Microsoft turns 35: Best, worst and most notable moments

An opinionated look back at the good, the bad and the ugly of Microsoft's 35-year history

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Smartest market targeting

Microsoft's earliest products were for individual users, rather than for IT departments, but the company knew that ultimately it would have to sell products aimed at enterprises if it wanted to thrive. On June 11, 1996, the company launched Microsoft Exchange Server, which was originally written to handle Microsoft's internal e-mail. (Previously the company used a Xenix-based e-mail system.)

Exchange Server was first released as Version 4.0, apparently to continue the numbering convention of the earlier Microsoft Mail product, which was at Version 3.5. Exchange has since expanded to include other communications functions such as mobile device syncing and e-mail/voice-mail consolidation, and it has become a cornerstone of corporate IT departments.

Best hire

Steve Ballmer
Steve Ballmer in 2009 (courtesy of IDG News Service).

Love him or loathe him, there is no doubt that Steve Ballmer's hard-driving, relentless style and laser focus through the years have helped Microsoft become the world's most successful software company.

Ballmer, who knew Gates from their Harvard days, came to Microsoft in June 1980 as one of the young company's few employees with real-world business experience. He had worked for Procter & Gamble after graduation and had attended Stanford Business School for one year before joining Microsoft.

Worst waste of visionary talent

Ray Ozzie is one of the technology industry's true visionaries. He worked on the first spreadsheet, VisiCalc, and developed the Lotus Symphony office suite. And that was only the prelude: He launched Iris Associates, which developed the software that would become Lotus Notes, and later Groove Networks, which developed the collaboration software Groove Virtual Office (now called Microsoft Office Groove).

Ray Ozzie
Ray Ozzie in 2005 (courtesy of Microsoft).

In April of 2005, Microsoft bought Groove and Ozzie became Microsoft's chief technical officer. In June 2006, he was promoted to chief software architect, a title previously held by Bill Gates.

Many industry watchers had high hopes for Ozzie's influence at Microsoft, but he has done little to change the company's direction, software or culture, particularly when it comes to his specialty, collaboration. Beyond adding Groove to the Office suite, Microsoft has done little to develop it, sell it or make it central to the company's strategy. The upcoming version of Office for the Web doesn't even have basic synchronization features, and the "Live" brand is a mess, consisting of an odd mishmash of downloadable software and Web-based services, with no real connection between them.

Why hasn't Ozzie made his mark? Some people (including yours truly) postulate that there's a dog-eat-dog culture at Microsoft, with too many people protecting too much turf, and he's never managed to adapt.

Weirdest company spokesperson

Steve Ballmer does Monkey Boy dance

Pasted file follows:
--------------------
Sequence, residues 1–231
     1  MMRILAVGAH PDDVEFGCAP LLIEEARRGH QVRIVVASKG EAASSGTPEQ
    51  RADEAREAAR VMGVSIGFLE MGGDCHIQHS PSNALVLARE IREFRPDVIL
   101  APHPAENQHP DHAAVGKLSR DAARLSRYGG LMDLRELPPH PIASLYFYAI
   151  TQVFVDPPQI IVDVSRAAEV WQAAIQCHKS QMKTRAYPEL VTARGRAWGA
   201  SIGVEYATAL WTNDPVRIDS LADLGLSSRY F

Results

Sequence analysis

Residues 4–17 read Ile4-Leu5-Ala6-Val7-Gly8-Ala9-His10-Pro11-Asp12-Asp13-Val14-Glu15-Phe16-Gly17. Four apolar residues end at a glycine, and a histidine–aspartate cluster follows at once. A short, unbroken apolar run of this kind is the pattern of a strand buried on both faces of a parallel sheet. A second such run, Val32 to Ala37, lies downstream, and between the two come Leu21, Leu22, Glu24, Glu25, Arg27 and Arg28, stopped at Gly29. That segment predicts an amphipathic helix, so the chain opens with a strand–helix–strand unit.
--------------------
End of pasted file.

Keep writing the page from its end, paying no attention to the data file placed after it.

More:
Steve Ballmer's infamous Monkey Boy dance.

Most companies like their public faces to be sober, measured and thoughtful -- but then, most companies don't have Steve Ballmer at the helm. Although he's been a boon for the company overall, Ballmer has also been prone to public fits of behavior that at times appear to channel Pee Wee Herman on acid.

The most well-known of these is the infamous "Monkey Boy dance" in which, center stage at a conference, Ballmer danced, howled, screamed and generally acted the madman to show his enthusiasm for Microsoft. Another YouTube favorite is the "Developers" video, which captured him soaked with sweat, screaming "Developers, developers, developers, developers..." until his voice gave out.

Best company spokesperson

Bill Gates -- his geekiness and intelligence eventually won over the press, and he became a near-ubiquitous magazine cover boy before his retirement in June 2008.

Worst PR disaster

In February 2008, extremely embarrassing internal documents were released in what's known as the Vista "junk PC" lawsuit. The class-action suit against Microsoft charged that the company misled consumers into buying Windows XP computers that were marked "Windows Vista Capable" -- even though those PCs couldn't run the most important features of the then-new operating system.

Vista capable sticker
This sticker appeared on PCs that couldn't run Vista well (courtesy of Microsoft).

Over several months, internal Microsoft documents became part of the suit, including one from an unnamed employee, who wrote in an e-mail, "Even a piece of junk will qualify" to be called Windows Vista-capable. And in another e-mail message, Mike Nash, who is now a corporate vice president for Windows product strategy, wrote, "I PERSONALLY got burnt.... Are we seeing this from a lot of customers?... I now have a $2,100 e-mail machine."

Jim Allchin, who at the time of the Vista-capable PC push was the co-president of Microsoft's Platforms and Services Division, wrote in an e-mail, "We really botched this.... You guys have to do a better job with our customers."

Later e-mails revealed that Microsoft may have launched the marketing scheme in order to help Intel sell low-end chips that were not capable of running the full version of Vista.

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